• Room 12: More drawings, with some made from blood.  Look out for the two sculptures made of hand-rolled clay on the floor!
  • Room 13Host (2019)gives another experience, similar to the installation 20:50 (1987) by Richard Wilson. You stand to look through a doorway, to another directly on the other side, and it is filled with clay and seawater. The water reflects the door and the sky roof above; reflecting the changing light and gradually transforming.

Verdict

An immersive experience, Gormley’s art made me reflect on my body and provoked thoughts on how I interacted in the world. The industrial materials used, as I mentioned before, seems to reflect another life – a dystopian world. Recommend this exhibition for his fans and sculpture lovers. However, it may not be for everyone. Though I found it interesting, after walking through the rooms, there a slight sadness when I realised my favourite piece was free to see in the courtyard…

With Sweet & Sour Love,

Pineapple Chicken x

Art: Frank Bowling

Frank Bowling

Hi everyone! How have you all been? It has been a while since I last wrote a post. Life has been a bit of a rollercoaster and I have turned 30th!! Making The Pineapple Chicken Blog officially two years old 🙂 It is pretty surprising actually and what a journey it has become. There are no plans to stop posting and hopefully I will share a little art and wellness for many years to come.

Since I have not posted in a while, I realised that I needed to get this post out as soon as possible because it is last chance to see the wonderful Frank Bowling exhibition at the Tate Britain which finishes next week on the 26th August. It is the first retrospective of his works spanning 60 years, he is a true master of colour and paint. For me, the art was unique and otherworldly. I came out of the exhibition feeling completely zen and at peace.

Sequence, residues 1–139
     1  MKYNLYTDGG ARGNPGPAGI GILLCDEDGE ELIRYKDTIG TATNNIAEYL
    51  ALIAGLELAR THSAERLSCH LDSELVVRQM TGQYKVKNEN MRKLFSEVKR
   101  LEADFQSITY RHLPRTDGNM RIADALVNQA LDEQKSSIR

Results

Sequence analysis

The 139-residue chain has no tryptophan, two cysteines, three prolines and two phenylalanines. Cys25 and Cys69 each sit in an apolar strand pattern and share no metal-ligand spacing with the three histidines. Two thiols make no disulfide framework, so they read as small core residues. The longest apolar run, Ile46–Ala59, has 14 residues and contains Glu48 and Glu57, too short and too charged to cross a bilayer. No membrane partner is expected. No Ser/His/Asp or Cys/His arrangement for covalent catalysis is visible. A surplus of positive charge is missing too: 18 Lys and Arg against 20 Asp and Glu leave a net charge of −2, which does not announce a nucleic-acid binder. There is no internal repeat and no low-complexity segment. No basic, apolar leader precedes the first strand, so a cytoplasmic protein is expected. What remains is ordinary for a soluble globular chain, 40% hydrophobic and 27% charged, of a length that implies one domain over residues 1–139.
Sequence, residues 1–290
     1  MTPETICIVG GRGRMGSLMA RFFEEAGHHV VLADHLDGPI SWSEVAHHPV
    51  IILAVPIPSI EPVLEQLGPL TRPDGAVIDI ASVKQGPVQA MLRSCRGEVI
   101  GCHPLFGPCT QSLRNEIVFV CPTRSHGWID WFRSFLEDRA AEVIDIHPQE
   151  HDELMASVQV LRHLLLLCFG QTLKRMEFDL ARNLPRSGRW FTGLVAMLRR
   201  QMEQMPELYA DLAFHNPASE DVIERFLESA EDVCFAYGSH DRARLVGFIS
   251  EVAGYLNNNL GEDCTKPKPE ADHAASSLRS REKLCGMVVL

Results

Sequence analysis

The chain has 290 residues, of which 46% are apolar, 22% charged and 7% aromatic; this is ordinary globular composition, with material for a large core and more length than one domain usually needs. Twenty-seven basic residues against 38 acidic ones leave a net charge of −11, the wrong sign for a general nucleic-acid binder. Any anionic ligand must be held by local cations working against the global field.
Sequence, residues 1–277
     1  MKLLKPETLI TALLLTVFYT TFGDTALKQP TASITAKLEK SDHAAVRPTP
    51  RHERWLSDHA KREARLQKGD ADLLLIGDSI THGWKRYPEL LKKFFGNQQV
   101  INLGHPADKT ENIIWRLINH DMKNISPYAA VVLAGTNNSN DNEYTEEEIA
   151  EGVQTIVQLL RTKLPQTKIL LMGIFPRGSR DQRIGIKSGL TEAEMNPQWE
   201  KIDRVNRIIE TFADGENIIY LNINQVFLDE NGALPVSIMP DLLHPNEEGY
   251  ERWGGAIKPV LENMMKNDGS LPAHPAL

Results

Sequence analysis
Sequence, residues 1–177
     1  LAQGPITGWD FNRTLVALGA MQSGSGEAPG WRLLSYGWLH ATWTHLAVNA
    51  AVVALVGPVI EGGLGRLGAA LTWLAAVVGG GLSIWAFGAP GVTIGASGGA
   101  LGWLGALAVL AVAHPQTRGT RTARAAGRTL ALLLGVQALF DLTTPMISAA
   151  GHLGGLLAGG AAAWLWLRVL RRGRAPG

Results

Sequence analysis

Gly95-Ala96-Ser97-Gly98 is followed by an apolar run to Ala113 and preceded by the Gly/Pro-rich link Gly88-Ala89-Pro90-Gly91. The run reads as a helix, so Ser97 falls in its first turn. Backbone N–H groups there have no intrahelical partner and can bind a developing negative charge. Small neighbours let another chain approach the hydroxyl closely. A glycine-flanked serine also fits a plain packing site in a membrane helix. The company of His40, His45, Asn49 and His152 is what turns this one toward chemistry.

Should you visit, I would recommend ordering the audio guide for the exhibition as it provides a lot more flavour to the wonderful pieces of his work and includes jazz pieces which inspired Bowling’s art. The guide also includes Bowling himself with his smooth baritone voice.

Frank Bowling

Born in Guyana in 1934, he moved to London when he was 19 years old and studied at the Royal College of Art alongside David Hockney. He continues to fly between London and New York studios mastering his abstract and visionary use of paint. Using countless methods and processes, from staining to pouring and different materials and object, the exhibition provides a key insight into his creative world. Now 85 he still paints every day, experimenting with new materials and techniques. For anyone who knows where I can get my hands of some of his artwork or even prints, please do leave me a comment or email message, I would love to see his work in my home.

Exhibition

In my usual format, the below is a walkthrough of the exhibition rooms and highlights of my favourite key pieces to look out for. Bowling is also one of the best artists I have come across when it comes to naming their pieces of work. Unlike others who prefer “Untitled”, for Bowling, there is careful consideration of naming his pieces of work. They would only be named after they are completed and he returns to look at the pieces.

  • Room 1: Birthday (1962) – This was an extremely powerful piece, though not visually beautiful, it is unforgettable. This painting was part of an exercise when Bowling was at the Royal College of Art where the theme was of birthdays. This piece depicted the intense pain of a neighbour giving birth. Inspired by Francis Bacon and this is reflected by the strong gestural strokes.  Room 1 holds his early work which demonstrated his interest in social and political issues as well his own personal narrative.
  • Room 2: Mirror (1964-6) – The painting dominated by this spiral staircase gilded with gold connecting the studio at the Royal College of Art to the V&A museum in London. The painting also includes a self-portrait and a portrait of his wife (at the time) Paddy Kitchen. Room 2 held paintings that were created during 1964 & 7, which was a tumultuous time in his life and career. In 1966, Bowling moved to New York to establish himself and it is in this room, we see Bowling use of stencils in his work.
  • Room 3: Barticaborn 1 (1967) – This is the largest room in the exhibition and introduces map paintings. In New York, Bowling stopping painting the human figure that was seen in his earlier works. Fields of colour are overlaid with stencilled maps of the world and silkscreened images, it is in this room, we start seeing different techniques of processing paint, from painting to staining. This focus marks Bowling’s rejection of the western-centric cartography of many world maps.
  • Room 4: Tony’s Anvil (1975) – Around 1973, Bowling stared pouring paint on a titled canvas to produce contrasting layers and colours from a height of two meters. The spilling paint created an energetic and innovative painting style, it is the first time we see bright and bold contrasting colours. #